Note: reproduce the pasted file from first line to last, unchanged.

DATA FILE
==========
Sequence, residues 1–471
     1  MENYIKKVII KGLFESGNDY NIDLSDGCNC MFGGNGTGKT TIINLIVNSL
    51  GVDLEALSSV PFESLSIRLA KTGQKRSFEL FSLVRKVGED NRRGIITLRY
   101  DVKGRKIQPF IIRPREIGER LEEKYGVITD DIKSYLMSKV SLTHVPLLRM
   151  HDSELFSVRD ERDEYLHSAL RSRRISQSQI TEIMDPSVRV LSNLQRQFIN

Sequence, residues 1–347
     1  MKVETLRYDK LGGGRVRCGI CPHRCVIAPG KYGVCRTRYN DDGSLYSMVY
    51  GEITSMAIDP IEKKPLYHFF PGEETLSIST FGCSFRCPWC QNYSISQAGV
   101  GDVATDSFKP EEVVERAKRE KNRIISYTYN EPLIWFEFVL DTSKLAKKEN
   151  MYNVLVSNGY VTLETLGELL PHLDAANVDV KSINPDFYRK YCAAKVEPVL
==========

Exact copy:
Sequence, residues 1–471
     1  MENYIKKVII KGLFESGNDY NIDLSDGCNC MFGGNGTGKT TIINLIVNSL
    51  GVDLEALSSV PFESLSIRLA KTGQKRSFEL FSLVRKVGED NRRGIITLRY
   101  DVKGRKIQPF IIRPREIGER LEEKYGVITD DIKSYLMSKV SLTHVPLLRM
   151  HDSELFSVRD ERDEYLHSAL RSRRISQSQI TEIMDPSVRV LSNLQRQFIN

Sequence, residues 1–347
     1  MKVETLRYDK LGGGRVRCGI CPHRCVIAPG KYGVCRTRYN DDGSLYSMVY
    51  GEITSMAIDP IEKKPLYHFF PGEETLSIST FGCSFRCPWC QNYSISQAGV
   101  GDVATDSFKP EEVVERAKRE KNRIISYTYN EPLIWFEFVL DTSKLAKKEN
   151  MYNVLVSNGY VTLETLGELL PHLDAANVDV KSINPDFYRK YCAAKVEPVL